If you’re a gardener with chewed leaves, you might just benefit from tonight’s supermoon. Nightly, there are various insects that come out to play as the sun goes down. Much to any gardener’s dismay, once that happens many of them like to munch on the leaves of favorite plants. Then the sun comes up, and those pests aren’t anywhere to be seen, but the damage they’ve done is very visible. Rather than dousing your plants with poison, greener options need to be sought. Attempts to locate the pests in question usually fail, because humans can’t see in the dark. This means any search must be done with the help of a flashlight. However, once the insects see that bright light go on, they scatter like little thieves, trying to evade a police search light.
That’s where tonight’s supermoon might come in handy with finding that green option you’ve been searching for. Also called a Harvest Moon, tonight’s celestial event is supposed to produce enough light to work outside by. This is not to say that it will be as bright as when the sun is actually up during the day, but it will provide considerably more light than typically seen at night. Now, at the height of the event the light will be reduced due to the lunar eclipse (which is what will cause that ‘Blood Moon’ effect), but since you’ll already be out, you can take advantage of that viewing opportunity too.
With this extra light abundance (outside of the peak eclipse time) you can start your pest search without the use of a flashlight (at least initially). Smaller pest might still be too small to see, but the larger ones should now be visible. Start looking all around the outside, and base of, your chewed on plants. Begin with an overall survey, but then proceed to turning over leaves, and searching toward the center stem (just like you would during the day, but try not make a lot of noise while you’re doing it). Also, try not to shake the plant too much either. Knocking off pests before you can see them won’t help eliminate the problem, as they’ll just come back later (plus you don’t want to break the plant unnecessarily).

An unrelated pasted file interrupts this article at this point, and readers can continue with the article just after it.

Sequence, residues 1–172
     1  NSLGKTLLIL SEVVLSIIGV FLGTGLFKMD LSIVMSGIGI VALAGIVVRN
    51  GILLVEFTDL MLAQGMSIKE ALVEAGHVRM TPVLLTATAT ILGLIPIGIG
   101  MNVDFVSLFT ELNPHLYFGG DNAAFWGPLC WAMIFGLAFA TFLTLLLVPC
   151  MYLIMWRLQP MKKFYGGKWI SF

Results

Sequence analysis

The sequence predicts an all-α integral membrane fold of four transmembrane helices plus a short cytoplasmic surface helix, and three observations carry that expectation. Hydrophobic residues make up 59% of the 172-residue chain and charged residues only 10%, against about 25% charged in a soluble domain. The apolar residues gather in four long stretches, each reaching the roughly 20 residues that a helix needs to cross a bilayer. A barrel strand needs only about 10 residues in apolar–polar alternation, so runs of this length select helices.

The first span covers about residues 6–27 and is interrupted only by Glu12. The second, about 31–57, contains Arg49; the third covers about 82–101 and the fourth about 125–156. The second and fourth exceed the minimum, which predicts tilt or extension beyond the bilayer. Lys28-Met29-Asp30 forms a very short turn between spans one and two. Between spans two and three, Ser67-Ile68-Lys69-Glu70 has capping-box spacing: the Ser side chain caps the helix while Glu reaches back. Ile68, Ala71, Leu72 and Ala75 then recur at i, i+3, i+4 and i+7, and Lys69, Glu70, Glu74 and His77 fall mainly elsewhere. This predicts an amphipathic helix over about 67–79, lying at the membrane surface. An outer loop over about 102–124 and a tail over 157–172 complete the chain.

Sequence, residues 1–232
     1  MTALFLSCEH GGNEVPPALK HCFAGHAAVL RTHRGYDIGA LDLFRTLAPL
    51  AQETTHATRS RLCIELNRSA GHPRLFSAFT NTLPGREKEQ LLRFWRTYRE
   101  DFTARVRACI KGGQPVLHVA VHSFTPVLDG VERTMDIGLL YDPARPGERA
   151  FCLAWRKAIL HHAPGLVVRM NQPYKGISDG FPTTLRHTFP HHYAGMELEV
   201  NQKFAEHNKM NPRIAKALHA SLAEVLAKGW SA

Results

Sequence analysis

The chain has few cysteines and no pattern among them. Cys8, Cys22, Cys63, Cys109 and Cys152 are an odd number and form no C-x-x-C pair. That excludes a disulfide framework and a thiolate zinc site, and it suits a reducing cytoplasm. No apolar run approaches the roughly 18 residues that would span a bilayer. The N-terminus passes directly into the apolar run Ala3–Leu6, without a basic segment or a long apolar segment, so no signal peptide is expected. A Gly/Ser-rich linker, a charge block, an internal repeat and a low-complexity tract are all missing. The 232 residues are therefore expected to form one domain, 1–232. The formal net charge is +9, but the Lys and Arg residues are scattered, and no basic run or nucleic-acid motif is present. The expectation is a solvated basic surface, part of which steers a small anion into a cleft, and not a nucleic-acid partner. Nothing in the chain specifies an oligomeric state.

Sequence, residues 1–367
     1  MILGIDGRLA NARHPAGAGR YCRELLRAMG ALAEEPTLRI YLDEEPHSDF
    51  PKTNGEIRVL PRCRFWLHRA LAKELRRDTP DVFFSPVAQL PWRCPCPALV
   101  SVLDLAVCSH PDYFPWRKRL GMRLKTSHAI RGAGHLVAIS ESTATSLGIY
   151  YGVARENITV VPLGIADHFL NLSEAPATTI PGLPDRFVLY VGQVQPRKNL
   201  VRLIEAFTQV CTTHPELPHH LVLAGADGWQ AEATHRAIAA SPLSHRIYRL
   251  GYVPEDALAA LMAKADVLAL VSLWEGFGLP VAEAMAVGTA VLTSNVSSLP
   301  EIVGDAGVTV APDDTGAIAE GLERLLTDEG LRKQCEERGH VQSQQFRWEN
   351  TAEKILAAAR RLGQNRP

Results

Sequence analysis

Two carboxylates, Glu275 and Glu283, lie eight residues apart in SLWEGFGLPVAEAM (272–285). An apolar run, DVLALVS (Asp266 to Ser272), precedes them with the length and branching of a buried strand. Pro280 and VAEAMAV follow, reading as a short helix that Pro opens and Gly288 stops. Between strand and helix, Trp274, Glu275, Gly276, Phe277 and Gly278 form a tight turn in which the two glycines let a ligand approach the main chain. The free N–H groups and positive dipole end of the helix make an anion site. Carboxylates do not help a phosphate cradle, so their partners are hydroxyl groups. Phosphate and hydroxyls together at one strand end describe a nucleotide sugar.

Once you’ve found the pests in question then you can decide how best to proceed. If they’re worms/caterpillars, then remove the ones you find by hand, and step on them (away from the plant though, so no potential escapees can possible make their way back on the plant). At this point you can probably use your flashlight again, as these pest typically can’t get away fast. However, if you’ve found other insects such as grasshoppers, or anything that flies, leave the flashlight off, and don’t try to catch/kill them. You might be able to scare them away for a while, but the real benefit of finding them is in the identification.
Now that you know what pest(s) you’re dealing with, you can more effectively mount a defense. Go to your local gardening center armed with your new knowledge, and ask for advice as to which Green/Organic options you have. Not all pests need to be dealt with in the same way, and in some cases you may not even be looking for a substance to put on the plant at all. For example, snails and slugs can be dealt with by putting copper tape around the base of your pots. However, until you see which enemy you’re dealing with exactly, you won’t know for sure.
According to several news reports, including one in yesterday’s Press Enterprise, the supermoon/blood moon should hit its peak around 7:48 pm. However, the entire event could start at sundown, and continue until about 10:00 or 10:30 pm. Before and after the peak, you should get that harvest moon effect. Although it won’t be as bright, you may still get some of the same benefit on Monday night, around the same times, as well. Happy bug hunting, just make sure you don’t hurt any of the beneficial bugs that are living out there as well (remember, ladybugs are your friend). The next Supermoon should take place in October, but that one won’t include a lunar eclipse.